Regarding the flaws, as mentioned before, the first 20 mins doesn’t work. Also, the film is full of violent and gory scenes which might not be liked by some sections. And the editing wasn’t upto the mark. More about it later!

Kurbaan is a rare film where the cast and most of the crew have worked exceptionally well in all respects. Saif Ali Khan was outstanding in his role. He looked dapper in his new look and performance wise, doesn’t provide even a miniscule chance of complain! Thus, Kurbaan can safely be added to the list of ‘finest performances of Saif’. This year has been particularly lucky for Saif with his home production Love Aaj Kal being a super hit and now even Kurbaan has been appreciated. His next Agent Vinod with Kareena is also expected to rock! Way to go Saif!

Kareena Kapoor has exposed as minimal as possible and still managed to look stunning. She’s always been delivering fine performances and in Kurbaan too, she does a perfect job. Watch out for the scenes where she discovers that she has been used and in the climax. She proves once again as to why she’s one of the top actresses today! Great going!

Vivek Oberoi steals the show with his wonderful act. In fact, his acts impact more than Saif-Kareena at several points in the film. Audiences as well filmmakers would surely sit up and take notice of this highly talented actor who was neglected in the past due to many reasons. He is expected to shine in his next films, Prince and Rakta Charitra too!

Kirron Kher, like Vivek, leaves a mark in several scenes. For a change, it was good to see her in a different kind of role than her usual stereotypical ones. Om Puri performs with ease. Dia Mirza looked charming and impresses with her special appearance. Nauheed Cyrusi does a fabulous job. Asheesh Kapur, who plays her husband, was great. Kulbhushan Kharbanda, Aakash Khurana and others were good.

Salim-Sulaiman’s music was haunting and songs suited the film well. Shukran Allah, Ali Maula and Kurbaan Hua are the three best songs. Ali Maula leaves a mark. The duo’s background score was electrifying and they may bag the Best Background Score award this year.

Anurag Kashyap and Niranjan Iyengar’s dialogues were sharp and top notch. Best dialogue of the film was, “Ek minute ke liye bhi ye mat sochna ki ye allah ka kaam hai!Parvez Feroze’ gory action enhanced the reality of the film. Asif Ali Shaikh’s editing wasn’t upto the mark. One can notice that desperate attempts were made to haphazardly cut down mini portions of scenes to reduce the duration of the film as much as possible. Not good!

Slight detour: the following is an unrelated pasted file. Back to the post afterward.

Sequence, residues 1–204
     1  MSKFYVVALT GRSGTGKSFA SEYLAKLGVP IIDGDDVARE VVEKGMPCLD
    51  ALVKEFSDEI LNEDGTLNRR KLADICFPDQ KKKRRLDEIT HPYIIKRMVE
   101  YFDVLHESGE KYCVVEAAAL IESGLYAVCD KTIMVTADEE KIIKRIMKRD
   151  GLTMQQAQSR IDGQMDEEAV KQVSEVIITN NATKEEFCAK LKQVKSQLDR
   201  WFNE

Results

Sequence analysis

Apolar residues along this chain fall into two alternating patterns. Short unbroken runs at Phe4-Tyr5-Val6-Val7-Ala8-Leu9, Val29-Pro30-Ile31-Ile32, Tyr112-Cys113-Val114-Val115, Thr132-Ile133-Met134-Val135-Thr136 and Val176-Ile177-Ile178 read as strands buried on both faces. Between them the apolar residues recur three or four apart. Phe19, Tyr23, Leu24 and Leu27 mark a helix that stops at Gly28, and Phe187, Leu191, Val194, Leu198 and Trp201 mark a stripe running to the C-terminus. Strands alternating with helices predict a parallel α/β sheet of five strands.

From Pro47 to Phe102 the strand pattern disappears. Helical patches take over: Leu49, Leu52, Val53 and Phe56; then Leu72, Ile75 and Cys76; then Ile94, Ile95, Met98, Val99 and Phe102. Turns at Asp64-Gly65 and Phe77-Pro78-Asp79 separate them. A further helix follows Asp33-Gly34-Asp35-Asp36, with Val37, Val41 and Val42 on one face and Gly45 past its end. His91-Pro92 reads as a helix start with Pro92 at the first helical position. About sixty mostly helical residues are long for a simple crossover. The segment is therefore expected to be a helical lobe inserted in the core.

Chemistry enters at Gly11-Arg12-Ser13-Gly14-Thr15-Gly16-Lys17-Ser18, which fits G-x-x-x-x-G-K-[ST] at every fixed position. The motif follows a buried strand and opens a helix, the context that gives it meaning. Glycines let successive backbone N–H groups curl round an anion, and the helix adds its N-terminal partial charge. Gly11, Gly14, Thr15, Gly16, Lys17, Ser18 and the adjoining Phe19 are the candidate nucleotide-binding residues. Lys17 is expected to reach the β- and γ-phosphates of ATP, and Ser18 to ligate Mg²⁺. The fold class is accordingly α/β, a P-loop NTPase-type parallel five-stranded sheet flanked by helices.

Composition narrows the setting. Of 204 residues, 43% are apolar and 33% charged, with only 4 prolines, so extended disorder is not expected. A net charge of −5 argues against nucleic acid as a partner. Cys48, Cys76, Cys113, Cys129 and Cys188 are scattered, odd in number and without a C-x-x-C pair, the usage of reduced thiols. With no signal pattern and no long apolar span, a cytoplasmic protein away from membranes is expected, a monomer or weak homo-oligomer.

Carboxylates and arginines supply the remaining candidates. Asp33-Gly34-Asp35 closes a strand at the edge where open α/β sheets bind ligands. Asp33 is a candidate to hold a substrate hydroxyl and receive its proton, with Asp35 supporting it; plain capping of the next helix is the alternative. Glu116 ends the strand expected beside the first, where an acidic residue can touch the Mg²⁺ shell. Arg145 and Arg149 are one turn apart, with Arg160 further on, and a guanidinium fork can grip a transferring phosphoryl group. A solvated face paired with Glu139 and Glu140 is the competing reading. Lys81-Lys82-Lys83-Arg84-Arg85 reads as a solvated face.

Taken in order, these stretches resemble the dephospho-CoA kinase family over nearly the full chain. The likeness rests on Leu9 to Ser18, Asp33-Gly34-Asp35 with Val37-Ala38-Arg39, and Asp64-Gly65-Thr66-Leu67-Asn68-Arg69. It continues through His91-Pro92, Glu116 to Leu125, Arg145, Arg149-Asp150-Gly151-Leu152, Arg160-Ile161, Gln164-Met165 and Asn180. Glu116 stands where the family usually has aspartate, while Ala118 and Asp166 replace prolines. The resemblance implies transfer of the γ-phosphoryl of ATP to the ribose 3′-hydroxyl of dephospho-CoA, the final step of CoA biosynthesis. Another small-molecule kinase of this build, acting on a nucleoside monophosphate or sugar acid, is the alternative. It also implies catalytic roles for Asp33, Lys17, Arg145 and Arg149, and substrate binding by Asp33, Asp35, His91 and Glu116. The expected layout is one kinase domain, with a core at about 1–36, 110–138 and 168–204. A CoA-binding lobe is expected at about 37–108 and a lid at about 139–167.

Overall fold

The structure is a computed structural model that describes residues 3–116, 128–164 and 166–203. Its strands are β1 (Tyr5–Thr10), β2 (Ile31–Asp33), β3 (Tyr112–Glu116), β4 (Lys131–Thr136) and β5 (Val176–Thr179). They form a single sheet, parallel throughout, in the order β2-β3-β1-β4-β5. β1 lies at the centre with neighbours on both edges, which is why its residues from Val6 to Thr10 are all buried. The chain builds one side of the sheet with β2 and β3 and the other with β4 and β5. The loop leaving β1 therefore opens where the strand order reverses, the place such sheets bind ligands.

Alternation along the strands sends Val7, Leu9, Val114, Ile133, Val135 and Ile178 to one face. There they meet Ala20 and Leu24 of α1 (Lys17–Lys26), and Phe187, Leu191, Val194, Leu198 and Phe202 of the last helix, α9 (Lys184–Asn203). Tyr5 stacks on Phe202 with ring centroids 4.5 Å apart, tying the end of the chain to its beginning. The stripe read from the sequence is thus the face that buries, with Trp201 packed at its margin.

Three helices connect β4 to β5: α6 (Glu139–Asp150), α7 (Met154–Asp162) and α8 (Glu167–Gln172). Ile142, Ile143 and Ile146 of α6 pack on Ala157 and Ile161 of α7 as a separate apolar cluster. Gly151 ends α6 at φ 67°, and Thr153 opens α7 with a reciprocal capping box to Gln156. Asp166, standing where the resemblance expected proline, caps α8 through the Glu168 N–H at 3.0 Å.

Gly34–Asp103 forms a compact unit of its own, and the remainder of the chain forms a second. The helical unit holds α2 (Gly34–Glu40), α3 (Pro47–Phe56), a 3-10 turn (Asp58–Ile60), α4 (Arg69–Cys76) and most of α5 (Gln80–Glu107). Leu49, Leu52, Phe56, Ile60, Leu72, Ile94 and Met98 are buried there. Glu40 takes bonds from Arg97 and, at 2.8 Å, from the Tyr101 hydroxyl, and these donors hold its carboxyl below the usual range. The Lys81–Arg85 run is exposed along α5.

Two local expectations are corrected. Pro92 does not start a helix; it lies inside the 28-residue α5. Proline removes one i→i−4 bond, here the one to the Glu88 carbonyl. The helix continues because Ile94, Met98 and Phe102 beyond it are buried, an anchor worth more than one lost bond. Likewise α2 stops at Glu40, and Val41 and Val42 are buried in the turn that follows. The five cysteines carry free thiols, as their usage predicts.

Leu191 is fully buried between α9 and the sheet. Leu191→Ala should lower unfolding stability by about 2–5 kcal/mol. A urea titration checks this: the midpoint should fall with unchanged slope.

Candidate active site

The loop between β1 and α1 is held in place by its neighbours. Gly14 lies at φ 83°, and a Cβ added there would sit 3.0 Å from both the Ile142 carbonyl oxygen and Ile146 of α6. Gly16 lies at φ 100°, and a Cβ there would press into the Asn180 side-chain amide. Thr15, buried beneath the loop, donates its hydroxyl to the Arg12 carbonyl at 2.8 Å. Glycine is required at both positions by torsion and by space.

Rensil D’Silva, the screenwriter-director scores in his dream debut. Although the direction wasn’t perfect, the film managed to make an impact and give out a strong message. The screenplay was undoubtedly intriguing.

And finally, kudos to Karan Johar for writing the film and also for producing such a hard hitting flick. KJo was criticized for making lovey-dovey films only. But with his last two films and Kurbaan, he has proved that he’s here not only to rake in moolah but also to provide fresh and interesting flicks! Hats off!

Some of the best scenes of the film:
1.       The songs Shukran Allah and Ali Maula
2.       Ehsaan and Avantika at the dinner in the neighbour’s house
3.       Avantika meets Dia
4.       The plane bombing sequence
5.       The intermission point
6.       Riyaaz at the Saif’s lecture
7.       Riyaaz’ quick conversation with Avantika at the mall
8.       The scene at the sandwich parlour
9.       The coffee scene
10.     The climax

On the whole, Kurbaan is an engaging and thrilling film that impresses and engrosses thoroughly! Go for it and have 160 minutes of captivating and thrilling time!

My rating-**** out of 5!

This review first appeared on MouthShut.com: http://www.mouthshut.com/review/Kurbaan-180014-1.html


By Joginder Tuteja, November 9, 2009 – 12:12 IST

Rajkumar Santoshi After speaking to Raj Kumar Santoshi, one can be rest assured that his zany sense of humour is not restricted to the characters that he brings on screen. He may state amusing things with a dead pan expression but scratch the surface and you would realise that the man has quite a few valid points to make. One such point is around the entire mentality of filmmakers from the current generation who have a ready ‘excuse’ of leaving their brains at home when walking in for a film. In a holds-no-bar two part conversation with Joginder Tuteja, Raj Kumar Santoshi challenges this new way of presenting films before the audiences and wonders if this trend would make him corrupt as well in years to come.

Ajab Prem Ki Ghazab Kahani has opened to a huge response all over. Some smart marketing and pitching worked in it’s favour?